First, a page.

THREE OAKS — The sport of baseball has a big history in the town of Three Oaks, and local baseball fans now have a way to honor that tradition in the smallest possible way.
Saturday, April 13, marked the grand opening of the “BIGGEST Little Baseball Museum,” a one-room exhibit located on the second floor of the Three Oaks Public Township Library (which also celebrated its 160th anniversary that day. For more see article in the Features section of this website).
Garry Lange is the founder and idea man behind the museum. He said it was a simple love of the game that fueled the idea to start the museum. “I’ve loved the game since I started playing catch,” said Lange. “I still love to play catch, and it’s just that simple. I’m at a point in my life where I’ve seen the game change a lot, especially for young people.
“I was reflecting on why I did this, and I think that it’s a good point in history to do this, but the reason is that I just love to play catch. I loved it back then, I love it now and it brought me joy. It still brings me joy. I’m hoping that, when people come into the room, they can learn, reflect, visit and reminisce.”
The museum takes up just a single room of the library’s second floor, but is packed with hundreds of baseball trinkets and pieces of memorabilia, some dating back to the early 1900s.
Lange said many of the pieces in the museum he had already owned.
“If you buy two mitts a year for 40 years, you get 80 mitts,” he joked.
Lange, a Three Oaks native, said he approached the library with the idea for a museum about six months ago, and has been working periodically ever since to complete the exhibit leading up to its grand opening.
“I’d come in on rainy days and work on it,” he said. “You can see it took a lot of to-do. It’s not all just tossed in, there’s a lot of stories told in there.”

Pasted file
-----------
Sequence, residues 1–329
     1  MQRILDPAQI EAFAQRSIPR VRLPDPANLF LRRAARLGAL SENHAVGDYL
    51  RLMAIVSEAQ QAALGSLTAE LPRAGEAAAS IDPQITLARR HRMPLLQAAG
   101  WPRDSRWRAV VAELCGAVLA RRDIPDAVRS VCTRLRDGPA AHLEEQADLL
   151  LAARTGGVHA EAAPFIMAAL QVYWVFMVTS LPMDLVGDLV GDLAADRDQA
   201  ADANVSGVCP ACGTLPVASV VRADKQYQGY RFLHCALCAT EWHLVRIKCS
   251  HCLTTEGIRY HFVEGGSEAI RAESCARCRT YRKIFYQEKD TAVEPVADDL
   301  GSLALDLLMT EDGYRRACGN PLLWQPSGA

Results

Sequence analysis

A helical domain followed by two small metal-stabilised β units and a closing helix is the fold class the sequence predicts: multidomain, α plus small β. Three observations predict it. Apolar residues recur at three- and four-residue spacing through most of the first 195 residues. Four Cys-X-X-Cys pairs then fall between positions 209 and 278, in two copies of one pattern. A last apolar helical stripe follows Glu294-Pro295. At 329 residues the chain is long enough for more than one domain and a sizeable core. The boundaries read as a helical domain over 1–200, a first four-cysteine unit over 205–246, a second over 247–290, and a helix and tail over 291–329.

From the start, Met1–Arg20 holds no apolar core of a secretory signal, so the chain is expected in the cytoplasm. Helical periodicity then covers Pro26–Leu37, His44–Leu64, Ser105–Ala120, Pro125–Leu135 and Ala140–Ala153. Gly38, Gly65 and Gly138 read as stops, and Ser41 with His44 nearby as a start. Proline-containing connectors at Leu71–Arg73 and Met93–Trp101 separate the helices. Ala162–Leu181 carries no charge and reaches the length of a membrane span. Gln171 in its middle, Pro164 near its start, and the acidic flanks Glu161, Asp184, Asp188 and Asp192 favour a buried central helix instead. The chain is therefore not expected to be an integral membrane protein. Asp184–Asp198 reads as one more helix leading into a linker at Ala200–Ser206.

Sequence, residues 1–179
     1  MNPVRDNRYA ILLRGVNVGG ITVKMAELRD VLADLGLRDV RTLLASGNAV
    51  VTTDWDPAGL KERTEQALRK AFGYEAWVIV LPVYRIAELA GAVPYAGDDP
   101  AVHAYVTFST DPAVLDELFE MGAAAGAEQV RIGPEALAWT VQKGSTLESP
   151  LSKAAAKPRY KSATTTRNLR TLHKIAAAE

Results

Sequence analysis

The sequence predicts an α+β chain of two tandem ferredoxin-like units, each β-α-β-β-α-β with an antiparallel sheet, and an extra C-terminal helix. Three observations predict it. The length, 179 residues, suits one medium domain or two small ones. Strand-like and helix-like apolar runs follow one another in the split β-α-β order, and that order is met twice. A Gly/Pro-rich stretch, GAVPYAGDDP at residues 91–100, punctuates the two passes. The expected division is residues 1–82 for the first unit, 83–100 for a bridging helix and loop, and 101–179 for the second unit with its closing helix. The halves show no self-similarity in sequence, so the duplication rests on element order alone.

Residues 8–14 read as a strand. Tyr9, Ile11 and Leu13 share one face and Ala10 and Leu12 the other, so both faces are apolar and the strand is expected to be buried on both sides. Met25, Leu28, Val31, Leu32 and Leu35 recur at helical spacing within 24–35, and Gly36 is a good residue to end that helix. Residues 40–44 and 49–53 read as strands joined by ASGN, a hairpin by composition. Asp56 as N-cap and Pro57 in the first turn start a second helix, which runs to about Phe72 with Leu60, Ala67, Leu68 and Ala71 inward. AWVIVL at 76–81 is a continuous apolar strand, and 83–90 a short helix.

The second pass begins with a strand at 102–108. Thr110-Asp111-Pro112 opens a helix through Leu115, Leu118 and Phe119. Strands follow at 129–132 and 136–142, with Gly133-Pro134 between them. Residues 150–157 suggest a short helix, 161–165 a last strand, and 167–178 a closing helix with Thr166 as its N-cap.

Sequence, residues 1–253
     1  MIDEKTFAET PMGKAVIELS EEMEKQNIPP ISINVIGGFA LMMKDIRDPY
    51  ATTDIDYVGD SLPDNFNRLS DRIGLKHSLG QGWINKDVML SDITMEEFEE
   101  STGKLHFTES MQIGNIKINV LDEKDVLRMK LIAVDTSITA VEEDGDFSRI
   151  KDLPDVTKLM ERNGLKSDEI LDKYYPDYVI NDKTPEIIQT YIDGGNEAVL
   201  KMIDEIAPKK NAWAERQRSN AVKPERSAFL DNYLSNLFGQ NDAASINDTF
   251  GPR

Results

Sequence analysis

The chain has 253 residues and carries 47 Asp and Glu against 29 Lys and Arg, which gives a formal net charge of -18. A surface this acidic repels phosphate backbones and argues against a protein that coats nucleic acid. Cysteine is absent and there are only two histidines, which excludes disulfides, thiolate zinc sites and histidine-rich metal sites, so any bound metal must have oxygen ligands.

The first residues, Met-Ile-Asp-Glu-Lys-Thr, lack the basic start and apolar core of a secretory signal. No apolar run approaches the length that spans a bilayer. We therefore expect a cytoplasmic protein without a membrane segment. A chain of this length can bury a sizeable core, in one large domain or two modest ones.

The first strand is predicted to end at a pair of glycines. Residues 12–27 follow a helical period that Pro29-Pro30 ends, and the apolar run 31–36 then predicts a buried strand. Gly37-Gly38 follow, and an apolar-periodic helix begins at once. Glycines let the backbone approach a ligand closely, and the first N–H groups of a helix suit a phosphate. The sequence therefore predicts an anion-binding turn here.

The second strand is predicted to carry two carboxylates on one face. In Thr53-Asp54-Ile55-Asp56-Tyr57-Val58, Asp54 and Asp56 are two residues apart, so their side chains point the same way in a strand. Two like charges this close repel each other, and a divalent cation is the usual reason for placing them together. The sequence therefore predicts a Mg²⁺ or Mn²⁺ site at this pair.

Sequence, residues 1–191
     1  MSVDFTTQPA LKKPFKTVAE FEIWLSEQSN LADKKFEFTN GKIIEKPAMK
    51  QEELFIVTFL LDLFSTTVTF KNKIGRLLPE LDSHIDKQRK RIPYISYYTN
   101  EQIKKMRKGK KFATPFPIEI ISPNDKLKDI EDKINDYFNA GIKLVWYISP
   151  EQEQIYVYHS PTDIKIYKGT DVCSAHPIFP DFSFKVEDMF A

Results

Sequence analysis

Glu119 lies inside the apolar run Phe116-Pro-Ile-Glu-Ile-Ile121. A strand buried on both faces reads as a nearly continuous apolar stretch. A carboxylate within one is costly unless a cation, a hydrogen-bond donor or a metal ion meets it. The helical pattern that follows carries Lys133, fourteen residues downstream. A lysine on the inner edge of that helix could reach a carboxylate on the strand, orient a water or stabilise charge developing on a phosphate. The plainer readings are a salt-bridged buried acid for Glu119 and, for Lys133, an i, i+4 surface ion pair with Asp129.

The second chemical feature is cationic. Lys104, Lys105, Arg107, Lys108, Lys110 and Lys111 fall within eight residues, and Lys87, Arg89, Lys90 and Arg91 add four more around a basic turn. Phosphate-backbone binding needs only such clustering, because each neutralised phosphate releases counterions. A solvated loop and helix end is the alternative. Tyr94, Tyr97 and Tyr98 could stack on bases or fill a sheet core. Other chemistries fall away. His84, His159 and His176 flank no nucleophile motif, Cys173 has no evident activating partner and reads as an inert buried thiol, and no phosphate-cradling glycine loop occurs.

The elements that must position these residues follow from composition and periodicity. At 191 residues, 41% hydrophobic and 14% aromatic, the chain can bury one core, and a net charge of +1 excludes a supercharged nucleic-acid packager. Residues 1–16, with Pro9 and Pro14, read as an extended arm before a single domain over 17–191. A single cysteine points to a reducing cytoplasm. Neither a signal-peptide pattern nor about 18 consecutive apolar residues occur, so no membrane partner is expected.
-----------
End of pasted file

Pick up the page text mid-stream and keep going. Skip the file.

Lange said he believes Three Oaks’ rich baseball tradition, paired with the museum’s placement in a historical building, makes the building the perfect location for a baseball museum.
“Three Oaks has a strong history with baseball, beginning with the Three Oaks Greens at the early part of last century,” noted Lange. “They were a real strong team through the 30s and on to the war, and had one of the best teams in the area. There were also the New Troy Grays, the Lakeside Aces.”
Three members of the House of David Echoes baseball team delivered a short presentation detailing the rules of Civil War era baseball, a style of ball that the team still uses today.
Rick Ast, a member of the Echoes team and retired Herald-Palladium reporter, spoke in detail on Civil War era baseball and how it’s still being used today. Tom Reybuck and Madison Melton also joined Ast for his presentation.
“We do play ball according to 1858 rules,” Ast said. “Up until the 1820s, baseball was really just a kid’s game. What happened to turn it into an adult’s game was that, in the 1820s, there was sort of a fitness craze going on in the northeastern cities. There were no YMCAs in those days, so some unknown genius among them got the idea of dusting off the old kids game of baseball and playing it as adults.”
Ast encouraged listeners to attend a House of David Echoes baseball game, the next one featuring a game between the House of David Echoes and the Three Oaks Hometown Team at noon on Saturday, May 18, at the Three Oaks Elementary School Field, 100 Oak St., noting that the style of play is much more sportsmanlike than today’s game.
The May 18 event, which begins at 11 a.m. with a picnic, is a fund-raiser for the summertime Civil War Days in Three Oaks.
Ast said a place like the BIGGEST Little Baseball Museum provides a space to remember the old days of baseball.
“I knew this was going to be a good display here, but I’m blown away by how fantastic this is,” he said. “I’ve always loved this library, and to have this baseball museum here is extra special.”
The museum also comes equipped with multiple QR barcode readers, which, when scanned, route visitors to different websites on their smartphones.
Patrons can watch and listen to video and audio clips of historic baseball moments, including footage of Jackie Robinson, Babe Ruth’s classic “called shot” home run and Bobby Thompson’s famed “shot heard ’round the world’” from the 1951 National League Championship Series.
Local players who made it to the Major Leagues such as Matt Mantei and Jeff Peterek are represented as well.
The museum is free to the public, and is open the same hours as the library.
Lange said he’d like to encourage people to “like” the museum on Facebook. Different presenters and events will occur periodically at the museum, and the Facebook page is the best place to learn about dates and times for those events.